4 MIN READ
The lockdown has made it exceedingly difficult for Tul Bahadur Baram to get the dialysis treatment he needs
For the last three months, Tul Bahadur Baram, 18, from Taku, Gorkha, has been living with his older sister Anni Baram, 21, near Dallu Pul, Kathmandu. They live in a small rented room that sees barely any light.
The siblings came to Kathmandu almost a year ago after both of Tul Bahadur’s kidneys started to fail. Ever since, Tul Bahadur, a Grade 8 student, has not been attending school. The siblings had to leave their village because dialysis treatment is available in only the major cities in Nepal.
The first signs that there was something wrong with his kidneys emerged when Tul Bahadur was 17. His right ear had started to itch. People with dysfunctional kidneys often report experiencing itchiness. His mother initially thought some insect must have lodged itself inside the ear. For a few days, she poured some oil into his ear, to force the insect out, but there was nothing.
Later, Tul Bahadur started showing other symptoms. For example, the right half of his face started to swell, and the family knew he needed to get diagnosed. One day, it got so bad, he fainted while drinking tea. That’s when the family decided to rush him to Kathmandu.
In Kathmandu, he was admitted to Teaching Hospital, Maharajgunj, where he learned that his kidney was failing, owing to sugar and blood-pressure problems he had developed.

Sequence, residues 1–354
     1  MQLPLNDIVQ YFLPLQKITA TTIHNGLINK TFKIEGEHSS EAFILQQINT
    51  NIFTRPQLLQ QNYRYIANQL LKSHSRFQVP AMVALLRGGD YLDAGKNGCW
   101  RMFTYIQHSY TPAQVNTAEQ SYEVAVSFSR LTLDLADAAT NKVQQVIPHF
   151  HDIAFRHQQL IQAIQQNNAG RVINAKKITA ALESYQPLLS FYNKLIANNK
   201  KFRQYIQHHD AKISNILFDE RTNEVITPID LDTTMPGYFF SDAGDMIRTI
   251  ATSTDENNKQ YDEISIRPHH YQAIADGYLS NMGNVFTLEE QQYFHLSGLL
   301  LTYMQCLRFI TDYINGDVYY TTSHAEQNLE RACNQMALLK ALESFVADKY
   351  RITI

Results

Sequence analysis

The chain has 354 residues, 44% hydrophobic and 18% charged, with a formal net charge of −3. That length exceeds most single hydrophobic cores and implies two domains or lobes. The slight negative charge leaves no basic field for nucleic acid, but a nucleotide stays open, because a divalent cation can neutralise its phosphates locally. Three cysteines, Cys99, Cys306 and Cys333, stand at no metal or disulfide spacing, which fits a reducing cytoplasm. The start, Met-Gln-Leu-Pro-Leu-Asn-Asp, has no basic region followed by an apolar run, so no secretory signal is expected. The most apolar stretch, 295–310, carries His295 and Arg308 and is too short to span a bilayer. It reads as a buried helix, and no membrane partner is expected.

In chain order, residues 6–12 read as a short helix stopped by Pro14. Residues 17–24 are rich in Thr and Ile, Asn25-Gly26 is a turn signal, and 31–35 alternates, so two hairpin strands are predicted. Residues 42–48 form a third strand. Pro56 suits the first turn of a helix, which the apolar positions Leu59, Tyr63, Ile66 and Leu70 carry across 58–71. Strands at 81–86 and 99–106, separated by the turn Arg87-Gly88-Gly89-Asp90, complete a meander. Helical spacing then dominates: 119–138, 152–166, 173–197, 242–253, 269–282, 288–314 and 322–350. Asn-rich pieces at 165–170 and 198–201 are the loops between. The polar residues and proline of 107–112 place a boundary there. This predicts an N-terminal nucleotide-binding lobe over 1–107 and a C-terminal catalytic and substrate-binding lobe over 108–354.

The siblings decided to stay back in Kathmandu because Tul Bahadur would need regular dialysis. For patients who cannot afford the service, the government has a system whereby certain hospitals provide free dialysis services. Tul Bahadur’s designated hospital was Buland Siddhi Hospital, in Gongabu. But once the lockdown was clamped, the hospital was not able to provide free dialysis treatment for him. According to the hospital, they have had problems with routing the Ministry of Health’s funds for their dialysis unit. Tul Bahadur was thus referred to a hospital in Bhaktapur, instead.
For the siblings, Bhaktapur is impossible to get to, especially in this time of the lockdown. So Tul Bahadur has continued to get his dialysis done, on credit, at Buland Siddhi Hospital. He has been told the credit will eventually get waived. But when we met him to do the story, we observed how Tul Bahadur had to make his case for availing of the free service.
For getting by in Kathmandu, the siblings depend on the earnings made by Tul Bahadur’s sister. She works at a Patanjali shop in Khusibu, Naya Bazaar, and earns Rs. 12,000 per month. Rs.3,500 of that goes towards their rent.
Whenever he finds the pressures of his life in the capital getting to him, Tul Bahadur reminisces about his school days, about how he and his friend would go fishing in the Daraudi River. He used to dream of someday becoming a lahure. For now, his family just hopes that he can continue to get his dialysis treatment.
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